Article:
The women on boards and in top management positions is increasing in almost every sector and country. Male executives may have to swallow their pride when it comes to which of the sexes do a better job at running a company. Music to my ears!
A report on global businesses called ‘Women Matter’ conducted by McKinsey & Company, suggest that the firms where women are found at board or top management levels are also the companies that perform best in terms of profit and growth.
This study shows how companies run differently when more women hold power. In the management suites of Adobe Systems Inc., Best Buy Co., Target Corp. and Gap Inc., women occupy as many as five of eight spots on the male chief executive leadership team. It is very interesting to note that these female executive often serve as role models for other women in the company. Female executives push for better diversity practices and help men succeed in dealing with hidden practices. These women are also changing the attitudes about how women’s careers advance and challenging traditional ways to get ahead.
The study concludes that women provide a source of high quality talent in a competitive market and have a positive impact on organizational and financial performance. A participant in this study, Jacqueline Corbelli CEO of the interactive television advertising firm Brightline, argues that the differences between make and female executive couldn’t be more obvious. In her opinion women bring two factors to the boardroom that some men do not. She believes that ‘women are good collaborators; we do it naturally’ and also that ‘working women who are mothers know how to get things done and move on to the next task.’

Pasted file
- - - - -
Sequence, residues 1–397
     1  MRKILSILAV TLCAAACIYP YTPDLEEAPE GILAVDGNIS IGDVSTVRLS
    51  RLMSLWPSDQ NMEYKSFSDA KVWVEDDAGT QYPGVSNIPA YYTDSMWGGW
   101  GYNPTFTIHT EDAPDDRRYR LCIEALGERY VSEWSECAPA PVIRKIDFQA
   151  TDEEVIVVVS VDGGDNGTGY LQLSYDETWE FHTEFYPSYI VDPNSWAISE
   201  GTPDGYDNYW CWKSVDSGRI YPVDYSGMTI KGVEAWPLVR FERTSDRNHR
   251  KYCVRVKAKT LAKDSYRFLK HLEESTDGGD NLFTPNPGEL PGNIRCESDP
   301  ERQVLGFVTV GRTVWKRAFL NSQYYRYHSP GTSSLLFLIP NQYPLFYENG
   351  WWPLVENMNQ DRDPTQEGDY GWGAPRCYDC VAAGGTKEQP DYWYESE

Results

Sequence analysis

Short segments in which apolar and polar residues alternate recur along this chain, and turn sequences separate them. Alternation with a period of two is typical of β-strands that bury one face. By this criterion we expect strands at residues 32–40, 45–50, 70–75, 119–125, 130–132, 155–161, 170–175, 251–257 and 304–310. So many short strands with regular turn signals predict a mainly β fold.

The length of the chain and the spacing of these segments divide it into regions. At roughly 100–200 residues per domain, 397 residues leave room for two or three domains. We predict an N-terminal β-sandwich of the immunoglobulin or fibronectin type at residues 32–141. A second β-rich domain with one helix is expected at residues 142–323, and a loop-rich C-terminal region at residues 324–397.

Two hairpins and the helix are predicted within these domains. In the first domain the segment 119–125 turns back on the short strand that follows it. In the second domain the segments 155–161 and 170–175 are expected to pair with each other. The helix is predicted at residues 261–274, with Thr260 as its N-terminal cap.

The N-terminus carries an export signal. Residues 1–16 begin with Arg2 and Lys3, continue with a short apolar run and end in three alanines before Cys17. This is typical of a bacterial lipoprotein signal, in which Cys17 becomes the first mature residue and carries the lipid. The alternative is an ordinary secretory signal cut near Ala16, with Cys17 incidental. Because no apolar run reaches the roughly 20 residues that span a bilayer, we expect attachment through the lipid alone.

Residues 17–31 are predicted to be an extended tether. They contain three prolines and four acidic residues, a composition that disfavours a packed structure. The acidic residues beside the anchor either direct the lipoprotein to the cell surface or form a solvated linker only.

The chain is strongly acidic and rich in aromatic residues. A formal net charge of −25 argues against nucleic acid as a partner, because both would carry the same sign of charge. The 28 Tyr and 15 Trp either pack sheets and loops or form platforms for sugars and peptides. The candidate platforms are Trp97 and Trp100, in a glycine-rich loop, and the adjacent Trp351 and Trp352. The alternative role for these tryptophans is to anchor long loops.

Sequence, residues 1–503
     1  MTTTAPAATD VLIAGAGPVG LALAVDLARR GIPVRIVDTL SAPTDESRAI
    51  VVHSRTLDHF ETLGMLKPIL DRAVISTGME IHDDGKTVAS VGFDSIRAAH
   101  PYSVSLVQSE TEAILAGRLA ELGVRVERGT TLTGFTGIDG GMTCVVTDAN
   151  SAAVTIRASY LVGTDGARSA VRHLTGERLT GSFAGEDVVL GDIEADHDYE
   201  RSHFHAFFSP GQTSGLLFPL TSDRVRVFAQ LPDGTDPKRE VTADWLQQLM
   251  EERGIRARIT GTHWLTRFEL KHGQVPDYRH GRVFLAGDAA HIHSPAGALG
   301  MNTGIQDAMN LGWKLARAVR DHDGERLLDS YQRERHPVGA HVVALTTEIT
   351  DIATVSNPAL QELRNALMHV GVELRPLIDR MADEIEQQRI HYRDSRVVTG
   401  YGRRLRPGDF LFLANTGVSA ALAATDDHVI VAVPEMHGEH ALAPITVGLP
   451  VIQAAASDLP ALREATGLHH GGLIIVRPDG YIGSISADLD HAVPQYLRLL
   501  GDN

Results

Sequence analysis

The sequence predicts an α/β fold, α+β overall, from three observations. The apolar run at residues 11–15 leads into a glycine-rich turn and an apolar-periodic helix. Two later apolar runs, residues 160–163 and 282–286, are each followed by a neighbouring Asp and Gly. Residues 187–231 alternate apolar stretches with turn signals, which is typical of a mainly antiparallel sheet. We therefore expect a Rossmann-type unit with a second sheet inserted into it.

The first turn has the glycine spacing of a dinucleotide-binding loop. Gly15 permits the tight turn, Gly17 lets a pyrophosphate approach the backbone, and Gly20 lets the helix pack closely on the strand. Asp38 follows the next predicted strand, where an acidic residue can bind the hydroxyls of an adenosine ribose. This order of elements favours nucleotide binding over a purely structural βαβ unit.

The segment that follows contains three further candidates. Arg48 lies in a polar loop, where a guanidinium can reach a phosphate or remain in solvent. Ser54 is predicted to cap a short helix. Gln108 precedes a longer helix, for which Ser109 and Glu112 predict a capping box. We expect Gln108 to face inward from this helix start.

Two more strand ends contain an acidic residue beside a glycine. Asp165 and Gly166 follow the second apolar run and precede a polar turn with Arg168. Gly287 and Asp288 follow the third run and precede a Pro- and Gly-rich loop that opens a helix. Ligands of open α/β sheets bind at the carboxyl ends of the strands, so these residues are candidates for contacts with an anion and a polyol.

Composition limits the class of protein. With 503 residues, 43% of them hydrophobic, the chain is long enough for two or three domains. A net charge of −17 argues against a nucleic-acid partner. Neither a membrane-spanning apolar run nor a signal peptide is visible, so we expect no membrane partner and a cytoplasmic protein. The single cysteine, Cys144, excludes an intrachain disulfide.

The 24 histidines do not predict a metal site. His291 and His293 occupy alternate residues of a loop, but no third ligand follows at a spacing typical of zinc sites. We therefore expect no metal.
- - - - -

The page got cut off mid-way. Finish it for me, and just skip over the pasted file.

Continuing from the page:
However, it is important to note that when women do find themselves in power, not all of them display the characteristics that differentiate them from men. Stephen Xavier, an executive coach and president and CEO of Cornerstone Executive Development Group, believes that women usually fall into three different categories.
- There are those who go along for the ride to be accepted
- Those who become ‘one of the boys’
- Those who are themselves
Even if women are hugely successful, acceptance among their male peers is not easy. For some men, a female CEO is a threat to the status quo and the historical dominance of men in such positions. This triggers negative reactions associated with loss of privilege or power.
Slowly but surely change is coming slowly, but offices are looking less like exclusive boys’ clubs lately. Companies with more women in senior management tend to give more importance to their viewpoints and needs.
Some examples of Big Companies run by women:
- Xerox: Ursula Burns became the first African- American woman of a Fortune 500 company.
- Hewlett- Packard: Meg Whiteman spent 10 years as president and CEO of eBay before moving to lead HP.
- Mondelez International: Irene Rosenfeld became chairwoman and CEO of Mondelez International in October 2012.
- Pepsico: Indra Nooyi became president and CEO of Pepsico in 2006 and chairwoman the following year.